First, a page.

So what does it do? It’s often referred to as a state “militia,” but it’s perhaps more accurate to describe it as an auxiliary disaster-relief force under the authority of the governor. Its largest and most important mission is responding to hurricanes.
During 2005’s Hurricane Katrina, Texas mobilized 950 State Guard troopers to manage shelters near the Louisiana border — and 1,100 troopers during Hurricane Rita later that year. In total, the State Guard has around 2,000 members with its headquarters in Austin.
The State Guard can assess damage, manage roadblocks on flooded roads or deploy search-and-rescue and medical units. But its main job is to take the pressure off other first responders by managing shelters, keeping tabs on evacuees with special needs — such as the elderly or people with disabilities — and handling communications.
It’s important work. But if the State Guard ever saw combat, America would have to be in serious trouble — as in a worse-case-scenario invasion or thermonuclear war. Even then, its troopers would likely be better served doing what they do already.
But monitoring commandos? It makes some sense — or at least, it’s feasible.
In addition to handling communication during disasters, the State Guard participates in the Military Auxiliary Radio System, a network of part-time high-frequency radio operators who’d spring into action if America’s communication grid were to break down or be destroyed.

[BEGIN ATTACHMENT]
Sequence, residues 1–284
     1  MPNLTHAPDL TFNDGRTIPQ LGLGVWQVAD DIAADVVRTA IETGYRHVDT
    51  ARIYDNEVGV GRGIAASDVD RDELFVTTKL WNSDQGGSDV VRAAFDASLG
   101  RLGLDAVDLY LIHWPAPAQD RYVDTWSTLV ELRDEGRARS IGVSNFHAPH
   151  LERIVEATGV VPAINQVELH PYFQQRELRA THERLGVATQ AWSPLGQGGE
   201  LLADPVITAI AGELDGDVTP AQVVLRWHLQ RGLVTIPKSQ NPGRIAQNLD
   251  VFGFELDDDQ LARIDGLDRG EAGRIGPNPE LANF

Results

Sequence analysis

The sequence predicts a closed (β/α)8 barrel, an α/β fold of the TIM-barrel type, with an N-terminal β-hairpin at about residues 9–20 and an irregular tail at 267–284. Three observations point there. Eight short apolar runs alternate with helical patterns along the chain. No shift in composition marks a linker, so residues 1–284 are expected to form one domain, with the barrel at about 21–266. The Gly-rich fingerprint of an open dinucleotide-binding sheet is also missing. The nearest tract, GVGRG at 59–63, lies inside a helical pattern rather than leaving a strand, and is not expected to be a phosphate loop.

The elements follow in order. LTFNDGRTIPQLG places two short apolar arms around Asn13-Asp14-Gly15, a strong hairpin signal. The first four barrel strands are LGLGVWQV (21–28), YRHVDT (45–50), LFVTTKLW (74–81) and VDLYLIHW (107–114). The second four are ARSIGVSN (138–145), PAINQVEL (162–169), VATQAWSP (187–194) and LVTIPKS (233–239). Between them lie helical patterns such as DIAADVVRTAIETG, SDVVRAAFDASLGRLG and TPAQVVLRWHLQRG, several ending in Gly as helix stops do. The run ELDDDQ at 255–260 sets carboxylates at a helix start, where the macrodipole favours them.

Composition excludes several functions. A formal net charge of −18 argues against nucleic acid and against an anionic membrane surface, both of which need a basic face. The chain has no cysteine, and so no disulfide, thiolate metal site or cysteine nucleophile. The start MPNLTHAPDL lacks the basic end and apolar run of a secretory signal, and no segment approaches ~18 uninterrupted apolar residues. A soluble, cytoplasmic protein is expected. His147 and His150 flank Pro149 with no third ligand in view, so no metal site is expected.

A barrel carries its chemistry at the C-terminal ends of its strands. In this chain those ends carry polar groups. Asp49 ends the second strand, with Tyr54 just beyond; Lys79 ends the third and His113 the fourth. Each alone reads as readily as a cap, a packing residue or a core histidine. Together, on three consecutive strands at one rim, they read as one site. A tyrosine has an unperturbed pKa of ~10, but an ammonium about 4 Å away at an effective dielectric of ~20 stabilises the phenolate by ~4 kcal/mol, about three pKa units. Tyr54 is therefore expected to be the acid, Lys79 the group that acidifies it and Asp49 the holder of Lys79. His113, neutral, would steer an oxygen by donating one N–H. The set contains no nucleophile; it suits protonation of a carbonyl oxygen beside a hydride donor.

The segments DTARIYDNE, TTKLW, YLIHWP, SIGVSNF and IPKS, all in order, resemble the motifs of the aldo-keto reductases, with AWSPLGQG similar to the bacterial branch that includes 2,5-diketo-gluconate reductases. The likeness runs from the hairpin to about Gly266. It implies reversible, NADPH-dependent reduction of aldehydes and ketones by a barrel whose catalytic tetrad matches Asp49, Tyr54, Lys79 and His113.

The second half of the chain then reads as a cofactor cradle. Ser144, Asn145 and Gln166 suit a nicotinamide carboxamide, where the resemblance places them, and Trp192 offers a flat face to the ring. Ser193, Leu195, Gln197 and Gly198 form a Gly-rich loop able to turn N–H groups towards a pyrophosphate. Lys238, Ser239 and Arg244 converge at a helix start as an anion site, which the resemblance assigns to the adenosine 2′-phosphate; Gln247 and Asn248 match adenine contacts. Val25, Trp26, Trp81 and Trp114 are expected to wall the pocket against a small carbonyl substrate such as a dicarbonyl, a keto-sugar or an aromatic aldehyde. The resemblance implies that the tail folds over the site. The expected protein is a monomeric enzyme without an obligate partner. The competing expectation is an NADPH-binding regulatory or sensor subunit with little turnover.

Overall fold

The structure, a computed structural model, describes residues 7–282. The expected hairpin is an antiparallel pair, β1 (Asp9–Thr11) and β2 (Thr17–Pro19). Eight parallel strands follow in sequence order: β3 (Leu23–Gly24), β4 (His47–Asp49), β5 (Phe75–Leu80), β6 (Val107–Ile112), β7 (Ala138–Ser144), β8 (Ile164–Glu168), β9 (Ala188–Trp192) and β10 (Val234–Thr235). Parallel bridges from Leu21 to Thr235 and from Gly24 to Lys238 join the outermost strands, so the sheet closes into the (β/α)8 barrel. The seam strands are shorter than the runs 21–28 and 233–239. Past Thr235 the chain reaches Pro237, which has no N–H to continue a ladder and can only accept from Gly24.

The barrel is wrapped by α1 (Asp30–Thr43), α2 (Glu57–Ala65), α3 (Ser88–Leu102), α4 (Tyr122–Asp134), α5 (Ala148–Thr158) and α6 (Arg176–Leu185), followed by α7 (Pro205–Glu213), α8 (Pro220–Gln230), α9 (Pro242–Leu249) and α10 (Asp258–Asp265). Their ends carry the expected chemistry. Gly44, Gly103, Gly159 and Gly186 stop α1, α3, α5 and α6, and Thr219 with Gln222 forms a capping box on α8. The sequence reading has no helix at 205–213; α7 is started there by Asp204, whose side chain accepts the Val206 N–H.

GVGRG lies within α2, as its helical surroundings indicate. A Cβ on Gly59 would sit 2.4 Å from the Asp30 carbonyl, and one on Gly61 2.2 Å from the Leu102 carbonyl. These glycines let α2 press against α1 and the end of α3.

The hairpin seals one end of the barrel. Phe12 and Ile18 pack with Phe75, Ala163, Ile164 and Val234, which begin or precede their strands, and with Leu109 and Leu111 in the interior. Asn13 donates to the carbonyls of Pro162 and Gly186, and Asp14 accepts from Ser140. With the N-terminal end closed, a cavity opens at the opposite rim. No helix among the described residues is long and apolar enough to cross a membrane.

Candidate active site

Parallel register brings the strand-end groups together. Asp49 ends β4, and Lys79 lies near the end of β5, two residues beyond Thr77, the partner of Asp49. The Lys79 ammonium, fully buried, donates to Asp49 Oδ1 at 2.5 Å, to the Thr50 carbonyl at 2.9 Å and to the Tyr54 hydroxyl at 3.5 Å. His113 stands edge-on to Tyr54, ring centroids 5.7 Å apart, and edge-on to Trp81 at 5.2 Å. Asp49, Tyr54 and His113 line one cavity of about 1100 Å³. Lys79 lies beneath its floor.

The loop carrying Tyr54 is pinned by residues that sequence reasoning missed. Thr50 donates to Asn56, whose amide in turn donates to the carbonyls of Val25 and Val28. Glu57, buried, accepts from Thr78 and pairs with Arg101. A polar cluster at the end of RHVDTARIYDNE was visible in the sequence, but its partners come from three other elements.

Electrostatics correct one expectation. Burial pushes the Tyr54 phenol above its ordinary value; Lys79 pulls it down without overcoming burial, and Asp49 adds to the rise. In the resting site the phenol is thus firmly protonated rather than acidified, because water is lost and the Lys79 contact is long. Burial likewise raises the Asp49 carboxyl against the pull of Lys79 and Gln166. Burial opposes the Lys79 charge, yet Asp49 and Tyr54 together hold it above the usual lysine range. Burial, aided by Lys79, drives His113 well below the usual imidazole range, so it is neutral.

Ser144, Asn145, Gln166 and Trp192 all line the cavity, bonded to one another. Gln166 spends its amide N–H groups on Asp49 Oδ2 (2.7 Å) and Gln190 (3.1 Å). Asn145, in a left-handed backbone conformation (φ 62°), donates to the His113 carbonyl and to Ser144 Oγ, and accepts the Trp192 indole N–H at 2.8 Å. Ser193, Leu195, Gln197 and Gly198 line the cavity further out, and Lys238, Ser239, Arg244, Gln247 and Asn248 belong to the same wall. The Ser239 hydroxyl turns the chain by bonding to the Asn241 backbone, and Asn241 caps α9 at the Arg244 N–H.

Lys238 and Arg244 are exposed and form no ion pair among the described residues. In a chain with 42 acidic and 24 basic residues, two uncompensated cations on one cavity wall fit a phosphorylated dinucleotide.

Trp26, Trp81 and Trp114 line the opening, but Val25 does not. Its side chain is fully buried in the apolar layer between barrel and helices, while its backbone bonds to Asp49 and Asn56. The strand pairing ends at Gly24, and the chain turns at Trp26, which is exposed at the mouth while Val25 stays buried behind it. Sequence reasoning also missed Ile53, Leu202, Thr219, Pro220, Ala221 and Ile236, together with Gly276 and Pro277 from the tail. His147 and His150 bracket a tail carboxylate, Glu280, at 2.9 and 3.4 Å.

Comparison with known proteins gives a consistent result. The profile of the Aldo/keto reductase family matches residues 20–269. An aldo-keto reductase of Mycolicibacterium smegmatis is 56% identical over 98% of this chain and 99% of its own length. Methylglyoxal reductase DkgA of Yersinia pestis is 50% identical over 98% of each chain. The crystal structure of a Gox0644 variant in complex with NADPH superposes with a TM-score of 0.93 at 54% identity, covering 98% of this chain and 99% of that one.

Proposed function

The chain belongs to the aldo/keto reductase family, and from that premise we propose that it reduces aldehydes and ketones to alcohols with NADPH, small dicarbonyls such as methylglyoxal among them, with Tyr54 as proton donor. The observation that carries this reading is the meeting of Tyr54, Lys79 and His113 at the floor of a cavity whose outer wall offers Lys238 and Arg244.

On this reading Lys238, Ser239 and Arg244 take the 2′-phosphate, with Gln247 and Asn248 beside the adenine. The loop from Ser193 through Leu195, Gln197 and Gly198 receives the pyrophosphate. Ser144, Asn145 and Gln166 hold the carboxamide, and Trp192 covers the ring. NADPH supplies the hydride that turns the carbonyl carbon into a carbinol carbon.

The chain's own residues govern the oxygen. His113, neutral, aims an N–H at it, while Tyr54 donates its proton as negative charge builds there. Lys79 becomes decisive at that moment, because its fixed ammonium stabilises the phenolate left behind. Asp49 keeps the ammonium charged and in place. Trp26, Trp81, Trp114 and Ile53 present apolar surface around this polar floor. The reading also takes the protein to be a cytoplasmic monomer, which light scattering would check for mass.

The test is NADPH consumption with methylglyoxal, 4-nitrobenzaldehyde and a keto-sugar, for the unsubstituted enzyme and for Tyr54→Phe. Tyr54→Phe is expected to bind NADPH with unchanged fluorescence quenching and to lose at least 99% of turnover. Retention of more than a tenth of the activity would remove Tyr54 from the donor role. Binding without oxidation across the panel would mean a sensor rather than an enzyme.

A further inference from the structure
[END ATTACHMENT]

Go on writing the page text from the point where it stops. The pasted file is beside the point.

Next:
In short, the State Guard directs communications between the U.S. military — such as the National Guard — and the governor during disasters. It’s not a huge leap to have them talk to SOCOM during Jade Helm.
It might even be good practice.
But is it necessary? For Abbott’s part, he insisted his decision was a matter of citizen concern and transparency. If the U.S. military is carrying out a major exercise on the ground, it’s understandable a state governor would want to know about it.
For Abbott’s critics, the decision amounted to throwing a bone to anti-government extremists. But if that’s true, Abbott failed big time. Instead, he further emboldened conspiracy theorists and spread paranoia about the exercise more widely.
Is there any good news? Well, some State Guardsmen might get a peek at a pretty cool Special Forces exercise.
Joseph Trevithick contributed research to this article.